Gidget Goes to Rome
1963 theatrical poster
Directed byPaul Wendkos
Written byRuth Brooks Flippen
Katherine Albert
Dale Eunson
Produced byJerry Bresler
StarringCindy Carol
James Darren
CinematographyEnzo Barboni
Robert Bronner
Edited byWilliam A. Lyon
Music byJohn Williams
Columbia Pictures
Distributed byColumbia Pictures
Release date
  • July 31, 1963 (1963-07-31) (Pittsburgh)[1]
Running time
104 minutes
CountryUnited States
Box office$2,000,000 (US/ Canada rentals)[2]

Gidget Goes to Rome is a 1963 Columbia Pictures Eastmancolor feature film starring Cindy Carol as the archetypal high school teen surfer girl originally portrayed by Sandra Dee in the 1959 film Gidget. The film is the third of three Gidget films directed by Paul Wendkos and expands upon Gidget's romance with boyfriend Moondoggie. The screenplay was written by Ruth Brooks Flippen based on characters created by Frederick Kohner. Veterans of previous Gidget films making appearances include James Darren as "Moondoggie", Joby Baker, and Jean "Jeff" Donnell as Gidget's mom, Mrs. Lawrence.


College-bound Gidget (Cindy Carol) is vacationing in Rome for the summer with faithful boyfriend Jeff, aka Moondoggie (James Darren) and their friends. Chaperoning the pair is Aunt Albertina (Jessie Royce Landis). However, Gidget's father Russell, worried about his daughter being abroad, asks an old friend of his, named Paolo Cellini, to keep an eye on Gidget to see that she stays out of trouble. Complications set in when Gidget begins to fall for the much older Paolo.[3]


Production notes

The film was shot on location in Rome, Italy, with some scenes filmed on Italian beaches. In a parody of La Dolce Vita, Gidget attends a high society party and goes into the Trevi Fountain.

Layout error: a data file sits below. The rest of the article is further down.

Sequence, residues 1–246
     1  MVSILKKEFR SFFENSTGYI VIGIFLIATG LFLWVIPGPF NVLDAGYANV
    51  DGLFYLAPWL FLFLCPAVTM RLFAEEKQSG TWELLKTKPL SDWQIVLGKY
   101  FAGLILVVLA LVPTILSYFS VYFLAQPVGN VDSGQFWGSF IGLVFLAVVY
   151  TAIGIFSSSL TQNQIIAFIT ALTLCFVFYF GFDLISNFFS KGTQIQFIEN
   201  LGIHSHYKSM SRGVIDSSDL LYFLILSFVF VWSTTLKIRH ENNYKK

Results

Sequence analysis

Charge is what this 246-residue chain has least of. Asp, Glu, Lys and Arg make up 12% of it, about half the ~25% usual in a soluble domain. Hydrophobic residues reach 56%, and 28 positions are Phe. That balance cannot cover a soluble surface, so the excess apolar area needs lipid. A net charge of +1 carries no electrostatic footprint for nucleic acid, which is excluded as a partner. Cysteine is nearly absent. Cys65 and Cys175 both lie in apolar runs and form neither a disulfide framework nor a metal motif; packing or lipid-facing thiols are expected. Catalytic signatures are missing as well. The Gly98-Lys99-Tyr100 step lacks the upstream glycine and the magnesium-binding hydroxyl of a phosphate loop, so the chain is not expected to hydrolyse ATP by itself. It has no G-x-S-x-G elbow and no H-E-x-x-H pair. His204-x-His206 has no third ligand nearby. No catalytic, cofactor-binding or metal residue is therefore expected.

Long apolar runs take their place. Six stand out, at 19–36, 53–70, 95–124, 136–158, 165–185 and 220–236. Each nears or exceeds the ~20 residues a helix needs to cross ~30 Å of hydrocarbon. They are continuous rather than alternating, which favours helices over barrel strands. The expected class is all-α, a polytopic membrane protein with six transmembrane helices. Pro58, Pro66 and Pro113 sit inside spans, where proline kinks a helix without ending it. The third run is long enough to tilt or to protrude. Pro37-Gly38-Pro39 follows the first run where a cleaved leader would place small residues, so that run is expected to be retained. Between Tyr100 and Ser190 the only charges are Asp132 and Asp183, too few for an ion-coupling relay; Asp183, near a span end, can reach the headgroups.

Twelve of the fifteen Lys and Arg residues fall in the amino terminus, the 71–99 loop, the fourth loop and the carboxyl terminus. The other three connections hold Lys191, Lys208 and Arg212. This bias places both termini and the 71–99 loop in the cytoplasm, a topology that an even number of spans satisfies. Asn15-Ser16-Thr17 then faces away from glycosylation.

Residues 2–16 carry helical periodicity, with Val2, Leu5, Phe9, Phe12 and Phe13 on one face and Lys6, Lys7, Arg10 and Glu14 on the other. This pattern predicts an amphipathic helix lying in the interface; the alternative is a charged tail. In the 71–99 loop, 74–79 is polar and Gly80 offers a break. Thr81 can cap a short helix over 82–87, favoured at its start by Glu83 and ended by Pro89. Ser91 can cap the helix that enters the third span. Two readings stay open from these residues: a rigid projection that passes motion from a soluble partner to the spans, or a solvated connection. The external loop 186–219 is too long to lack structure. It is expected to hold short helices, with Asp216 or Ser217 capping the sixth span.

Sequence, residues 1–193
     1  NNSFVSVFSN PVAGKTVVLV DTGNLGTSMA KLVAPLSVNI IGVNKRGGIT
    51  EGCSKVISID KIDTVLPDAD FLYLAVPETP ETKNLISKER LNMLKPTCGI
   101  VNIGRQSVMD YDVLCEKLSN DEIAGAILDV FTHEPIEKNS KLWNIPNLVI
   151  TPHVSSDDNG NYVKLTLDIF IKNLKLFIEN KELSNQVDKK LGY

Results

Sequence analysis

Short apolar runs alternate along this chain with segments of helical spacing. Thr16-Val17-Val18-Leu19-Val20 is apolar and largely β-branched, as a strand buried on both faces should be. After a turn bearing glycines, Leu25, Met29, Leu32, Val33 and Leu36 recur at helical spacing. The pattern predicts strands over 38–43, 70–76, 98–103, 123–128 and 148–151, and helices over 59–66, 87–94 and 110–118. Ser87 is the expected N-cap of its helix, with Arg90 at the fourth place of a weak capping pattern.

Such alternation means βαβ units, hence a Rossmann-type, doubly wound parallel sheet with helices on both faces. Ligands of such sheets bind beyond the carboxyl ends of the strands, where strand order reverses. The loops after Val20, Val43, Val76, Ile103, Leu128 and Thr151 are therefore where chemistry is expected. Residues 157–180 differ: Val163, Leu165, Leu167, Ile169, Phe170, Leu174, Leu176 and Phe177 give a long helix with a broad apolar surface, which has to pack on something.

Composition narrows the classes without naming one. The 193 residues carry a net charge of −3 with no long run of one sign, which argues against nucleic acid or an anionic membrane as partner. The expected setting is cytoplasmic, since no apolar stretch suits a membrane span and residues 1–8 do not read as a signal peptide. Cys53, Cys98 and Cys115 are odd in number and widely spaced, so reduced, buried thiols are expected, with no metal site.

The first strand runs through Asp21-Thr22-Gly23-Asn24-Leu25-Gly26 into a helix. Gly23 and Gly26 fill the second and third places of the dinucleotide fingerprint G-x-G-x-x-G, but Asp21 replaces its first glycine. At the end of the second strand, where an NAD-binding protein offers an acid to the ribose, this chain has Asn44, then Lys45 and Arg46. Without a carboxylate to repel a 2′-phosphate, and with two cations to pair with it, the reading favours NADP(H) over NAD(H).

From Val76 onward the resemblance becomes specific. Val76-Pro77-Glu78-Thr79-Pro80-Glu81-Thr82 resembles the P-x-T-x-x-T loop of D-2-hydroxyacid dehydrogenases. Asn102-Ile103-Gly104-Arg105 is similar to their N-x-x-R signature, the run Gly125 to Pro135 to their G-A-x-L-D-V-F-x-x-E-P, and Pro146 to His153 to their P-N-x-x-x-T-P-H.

With Deborah Walley pregnant at the time of filming, Cindy Carol, who had previously acted under the name Carol Sydes took over the Gidget role[4] and was signed to a Columbia Pictures contract.


Bosley Crowther noted in the New York Times of 12 September 1963, "When Gidget, played with the proper pout and correct ingenuousness by Cindy Caroll[sic], arrives in Rome with her group of happy friends, she is bound to fall in love with a married and handsome Italian magazine writer, enjoy such exotic delicacies as fettucini and chicken cacciatore, and experience the thrill of attending a 'Dolce Vita' cocktail party. As one of Gidget's friends explains, it's part of her 'growing up.' Gidget falls out of love in time...and all ends happily. Jeff sums up the entire experience in two immortal sentences: 'I guess everybody falls in love in Rome in the summer time. It's that old devil Italian moon.'"[5]

See also


  1. ^ Gidget Goes to Rome at the American Film Institute Catalog
  2. ^ "Top Rental Features of 1963". Variety. 8 January 1964. p. 71.
  3. ^ "Gidget Goes to Rome (1963) - Paul Wendkos | Synopsis, Characteristics, Moods, Themes and Related | AllMovie" – via
  4. ^ p.70 Lisanti, Tom Pamela Tiffin: Hollywood to Rome, 1961-1974 McFarland & Company; Illustrated edition (September 22, 2015)
  5. ^ Crowther, Bosley (September 12, 1963). "Screen: Romantic Middle-Aged Men and Women". The New York Times. Retrieved 27 November 2020.